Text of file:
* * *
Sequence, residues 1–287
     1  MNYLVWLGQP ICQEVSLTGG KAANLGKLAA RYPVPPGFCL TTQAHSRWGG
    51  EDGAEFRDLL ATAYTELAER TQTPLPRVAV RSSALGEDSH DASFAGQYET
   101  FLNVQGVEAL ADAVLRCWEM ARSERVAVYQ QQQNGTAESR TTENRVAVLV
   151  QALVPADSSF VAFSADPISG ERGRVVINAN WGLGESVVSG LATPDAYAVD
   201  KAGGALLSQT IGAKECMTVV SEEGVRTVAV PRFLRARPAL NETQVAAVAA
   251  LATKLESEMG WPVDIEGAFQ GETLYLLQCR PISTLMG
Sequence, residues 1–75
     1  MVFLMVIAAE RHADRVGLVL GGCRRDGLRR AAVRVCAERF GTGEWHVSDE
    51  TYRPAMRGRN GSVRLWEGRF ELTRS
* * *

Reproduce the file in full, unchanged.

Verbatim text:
Sequence, residues 1–287
     1  MNYLVWLGQP ICQEVSLTGG KAANLGKLAA RYPVPPGFCL TTQAHSRWGG
    51  EDGAEFRDLL ATAYTELAER TQTPLPRVAV RSSALGEDSH DASFAGQYET
   101  FLNVQGVEAL ADAVLRCWEM ARSERVAVYQ QQQNGTAESR TTENRVAVLV
   151  QALVPADSSF VAFSADPISG ERGRVVINAN WGLGESVVSG LATPDAYAVD
   201  KAGGALLSQT IGAKECMTVV SEEGVRTVAV PRFLRARPAL NETQVAAVAA
   251  LATKLESEMG WPVDIEGAFQ GETLYLLQCR PISTLMG
Sequence, residues 1–75
     1  MVFLMVIAAE RHADRVGLVL GGCRRDGLRR AAVRVCAERF GTGEWHVSDE
    51  TYRPAMRGRN GSVRLWEGRF ELTRS